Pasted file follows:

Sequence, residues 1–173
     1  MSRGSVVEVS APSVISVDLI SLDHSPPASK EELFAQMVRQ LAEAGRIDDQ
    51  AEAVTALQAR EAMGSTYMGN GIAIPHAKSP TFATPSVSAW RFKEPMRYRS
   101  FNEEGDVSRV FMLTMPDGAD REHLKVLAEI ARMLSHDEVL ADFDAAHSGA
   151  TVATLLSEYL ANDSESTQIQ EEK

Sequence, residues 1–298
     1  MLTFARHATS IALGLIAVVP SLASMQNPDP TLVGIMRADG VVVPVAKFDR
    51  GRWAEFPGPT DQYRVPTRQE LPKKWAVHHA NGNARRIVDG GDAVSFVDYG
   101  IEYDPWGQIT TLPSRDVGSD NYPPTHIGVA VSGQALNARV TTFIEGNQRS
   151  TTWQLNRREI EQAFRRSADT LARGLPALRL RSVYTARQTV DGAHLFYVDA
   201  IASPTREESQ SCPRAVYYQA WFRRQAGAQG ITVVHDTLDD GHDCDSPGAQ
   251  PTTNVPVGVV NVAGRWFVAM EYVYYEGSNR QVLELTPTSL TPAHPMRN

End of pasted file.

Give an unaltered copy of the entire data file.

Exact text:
Sequence, residues 1–173
     1  MSRGSVVEVS APSVISVDLI SLDHSPPASK EELFAQMVRQ LAEAGRIDDQ
    51  AEAVTALQAR EAMGSTYMGN GIAIPHAKSP TFATPSVSAW RFKEPMRYRS
   101  FNEEGDVSRV FMLTMPDGAD REHLKVLAEI ARMLSHDEVL ADFDAAHSGA
   151  TVATLLSEYL ANDSESTQIQ EEK

Sequence, residues 1–298
     1  MLTFARHATS IALGLIAVVP SLASMQNPDP TLVGIMRADG VVVPVAKFDR
    51  GRWAEFPGPT DQYRVPTRQE LPKKWAVHHA NGNARRIVDG GDAVSFVDYG
   101  IEYDPWGQIT TLPSRDVGSD NYPPTHIGVA VSGQALNARV TTFIEGNQRS
   151  TTWQLNRREI EQAFRRSADT LARGLPALRL RSVYTARQTV DGAHLFYVDA
   201  IASPTREESQ SCPRAVYYQA WFRRQAGAQG ITVVHDTLDD GHDCDSPGAQ
   251  PTTNVPVGVV NVAGRWFVAM EYVYYEGSNR QVLELTPTSL TPAHPMRN